Anthony Miles (1955-2001)
As I sit here in my room in Melbourne on 12 November 2001 surfing the Internet, I suddenly came across the news of the death of Anthony Miles. It was first announced on the Chessbase web site (www.chessbase.com) and the news came two days after the news that International Master Nikolay Minev underwent a heart surgery. Two shocking news coming one after another turned out to be very hard to swallow. This is especially true about the news of Miles' sudden demise. I used the word 'sudden' because he was only in his forties and was still going strong in chess tournaments.
In this article, I am not attempting to write anything about Miles' life since you, dear readers would have read so much about it in the countless obituaries that appeared on the Internet after his death. What I am attempting to do here is to express my admiration of the character and strength that propelled him to the top of British chess in the 70s and early 80s. Throughout his chess career, he showed great determination. It is this same determination that pushed him towards successfully becoming Britain's first Grandmaster. It is also the same determination that drives him to defy the Soviet domination of the chess scene.
It is such determination that everyone should emulate. Never mine if there are people who labeled him as outrageous and eccentric. Look at the positive side of Miles' life that consists of: determination, courage, the will to win and an unparalleled fighting spirit.
Miles was well known for surprising his opponents with unusual, weird openings. In other words, his play can be best described with the word 'proactive'. By using unusual openings, he set problems for his opponents right at the beginning of the game. Just look at his historic victory against Karpov in the European Championship in 1980. In that game, Miles played the whole game proactively even though he only had the Black pieces. Karpov, being unable to solve the 'proactive' problems set by Miles lost the game.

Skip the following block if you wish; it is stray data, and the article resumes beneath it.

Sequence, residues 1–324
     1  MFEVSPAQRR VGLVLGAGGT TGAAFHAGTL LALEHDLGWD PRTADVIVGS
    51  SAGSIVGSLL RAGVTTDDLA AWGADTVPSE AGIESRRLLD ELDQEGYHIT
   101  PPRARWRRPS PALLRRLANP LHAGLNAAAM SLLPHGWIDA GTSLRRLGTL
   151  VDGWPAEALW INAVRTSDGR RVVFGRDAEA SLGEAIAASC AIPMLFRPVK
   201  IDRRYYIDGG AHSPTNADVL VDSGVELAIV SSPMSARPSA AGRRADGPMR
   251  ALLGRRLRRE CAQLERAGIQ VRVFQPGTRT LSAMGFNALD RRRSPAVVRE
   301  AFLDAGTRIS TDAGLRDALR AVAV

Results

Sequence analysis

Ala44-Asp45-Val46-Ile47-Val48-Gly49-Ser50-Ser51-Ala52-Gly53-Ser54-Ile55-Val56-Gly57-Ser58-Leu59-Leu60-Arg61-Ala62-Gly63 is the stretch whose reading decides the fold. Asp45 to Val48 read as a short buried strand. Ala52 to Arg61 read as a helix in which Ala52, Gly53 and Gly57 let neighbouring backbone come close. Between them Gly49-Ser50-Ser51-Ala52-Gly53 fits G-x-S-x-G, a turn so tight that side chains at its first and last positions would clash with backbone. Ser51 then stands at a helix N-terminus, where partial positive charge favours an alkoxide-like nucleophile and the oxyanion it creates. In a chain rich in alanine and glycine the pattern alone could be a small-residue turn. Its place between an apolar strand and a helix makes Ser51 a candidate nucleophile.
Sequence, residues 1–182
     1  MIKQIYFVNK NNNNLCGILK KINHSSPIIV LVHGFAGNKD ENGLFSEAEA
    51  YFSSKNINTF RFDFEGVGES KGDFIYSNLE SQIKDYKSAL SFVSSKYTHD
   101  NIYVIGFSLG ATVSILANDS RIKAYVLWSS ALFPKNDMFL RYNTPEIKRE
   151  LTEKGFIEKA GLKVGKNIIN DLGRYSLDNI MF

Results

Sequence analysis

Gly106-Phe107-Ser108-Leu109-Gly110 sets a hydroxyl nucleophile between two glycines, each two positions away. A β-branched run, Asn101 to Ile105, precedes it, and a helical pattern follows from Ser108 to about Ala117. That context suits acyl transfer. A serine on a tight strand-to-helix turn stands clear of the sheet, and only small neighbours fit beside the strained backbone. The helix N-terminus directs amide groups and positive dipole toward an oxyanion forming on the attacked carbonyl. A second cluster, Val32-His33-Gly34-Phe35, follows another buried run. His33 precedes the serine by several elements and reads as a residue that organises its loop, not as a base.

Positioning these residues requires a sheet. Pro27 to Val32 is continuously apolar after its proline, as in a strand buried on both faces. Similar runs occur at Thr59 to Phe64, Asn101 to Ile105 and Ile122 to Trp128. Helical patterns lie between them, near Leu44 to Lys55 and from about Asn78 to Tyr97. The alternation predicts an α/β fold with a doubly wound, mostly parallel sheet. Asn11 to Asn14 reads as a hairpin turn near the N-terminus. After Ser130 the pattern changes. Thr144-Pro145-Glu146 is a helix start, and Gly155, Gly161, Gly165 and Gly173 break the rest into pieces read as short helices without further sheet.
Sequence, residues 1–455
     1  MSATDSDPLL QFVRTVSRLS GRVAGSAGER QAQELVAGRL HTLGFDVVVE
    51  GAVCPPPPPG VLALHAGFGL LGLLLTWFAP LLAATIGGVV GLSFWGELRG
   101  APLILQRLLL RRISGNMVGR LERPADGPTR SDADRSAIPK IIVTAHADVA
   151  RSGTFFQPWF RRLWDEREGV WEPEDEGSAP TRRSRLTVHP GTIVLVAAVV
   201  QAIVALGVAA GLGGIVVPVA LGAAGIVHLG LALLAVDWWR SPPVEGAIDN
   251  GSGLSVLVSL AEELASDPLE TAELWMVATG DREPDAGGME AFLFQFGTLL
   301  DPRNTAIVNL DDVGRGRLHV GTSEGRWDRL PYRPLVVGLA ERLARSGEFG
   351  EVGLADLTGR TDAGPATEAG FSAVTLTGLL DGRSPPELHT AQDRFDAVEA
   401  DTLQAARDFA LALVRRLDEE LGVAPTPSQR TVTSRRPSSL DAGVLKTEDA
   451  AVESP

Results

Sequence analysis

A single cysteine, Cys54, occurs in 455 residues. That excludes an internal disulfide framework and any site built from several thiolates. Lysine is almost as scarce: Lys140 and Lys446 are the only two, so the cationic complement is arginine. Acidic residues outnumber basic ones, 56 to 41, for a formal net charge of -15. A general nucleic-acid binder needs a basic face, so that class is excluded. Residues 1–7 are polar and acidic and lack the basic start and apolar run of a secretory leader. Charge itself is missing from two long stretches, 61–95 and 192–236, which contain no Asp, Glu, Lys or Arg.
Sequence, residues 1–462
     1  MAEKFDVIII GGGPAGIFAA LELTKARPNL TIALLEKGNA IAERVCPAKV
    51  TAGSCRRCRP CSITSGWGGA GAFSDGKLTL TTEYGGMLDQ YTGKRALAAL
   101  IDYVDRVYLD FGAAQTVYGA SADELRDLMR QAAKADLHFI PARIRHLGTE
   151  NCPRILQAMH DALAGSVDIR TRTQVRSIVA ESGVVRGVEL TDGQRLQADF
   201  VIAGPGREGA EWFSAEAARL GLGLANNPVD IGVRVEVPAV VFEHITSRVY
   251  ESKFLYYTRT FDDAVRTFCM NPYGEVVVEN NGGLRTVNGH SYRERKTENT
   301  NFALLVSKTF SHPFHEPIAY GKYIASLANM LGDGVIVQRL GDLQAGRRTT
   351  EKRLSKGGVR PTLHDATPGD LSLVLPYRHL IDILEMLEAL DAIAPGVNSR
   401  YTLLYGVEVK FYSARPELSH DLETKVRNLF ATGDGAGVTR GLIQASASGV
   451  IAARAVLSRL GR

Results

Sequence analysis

However, there are times that Miles played 'reactive' chess too. When he did so, he was pretty good at it too. The game that I am presenting below best exemplifies the 'reactive' nature of Miles' game. Within such 'reactive' characteristic, the reader should be able to see the determination and fighting spirit of a man who never failed to work hard all his life.
Rowson,J (2514) - Miles,A (2565) [C67]
1.e4 e5 2.Nf3 Nc6 3.Bb5 Nf6
4.0-0 Nxe4 5.d4 Nd6 6.Bxc6 dxc6 7.dxe5 Nf5 8.Qxd8+ Kxd8
9.Nc3 Bd7 10.Rd1
10...Kc8 11.Ng5 Be8 12.b3 b6 13.Bb2 Kb7
14.Rd3 Be7 15.Nge4 Rd8 16.Rad1 Kc8 17.h3 h5 18.Bc1 Rxd3 19.Rxd3 h4
A) 26...Ne6? 27.Bxd8 Nxd8?? (The lesser evil will be: 27...Kxd8? 28.Nxb6+) 28.Ne7+ Wins the Knight.;
B) 26...Bxg5 27.Nxg5 Nf5 Necessary in order to prevent Ne7+ that would lead to White's invasion of the eighth rank. 28.Nf6 (Stronger would be: 28.e6! fxe6 29.Nxe6 c6 30.Nf6 Bf7 31.Ng5 Be8 32.Nge4 White has a very strong advantage.) 28...Nh6 29.e6! fxe6 30.Nxe6 Bc6 Black has thwarted most of its problems and its Bishop has gained greater scope in the ending that has arisen. ]
21...Nd4 22.Bxe7 Nxf3+ 23.gxf3 Rxe5 24.Ba3
24...f5 25.Ng5 Re1+ 26.Kg2 c5!
28.Bxc5 Bc6+ 29.f3 Rc1 30.Bb4 Rxc2+ 31.Kg1 Bd7 32.Nd5 Rxa2 33.Bf8 a5 34.Bxg7 Rd2 35.Ne7+ Kb7 36.Ng6 c5 37.Kf1 a4 38.bxa4 bxa4 39.Ke1 Rh2 40.Bf8 c4 41.Kd1 Bb5 42.Bb4 Rb2 43.Bc3 Rb3 44.Kc2 Ra3 45.Kb2 Rb3+ 46.Kc2 Ra3 47.Kb2 1/2-1/2
"He who fears an isolated queen's pawn should give up chess". Siegbert Tarrasch
"The most powerful weapon in chess is to have the next move"! David Bronstein.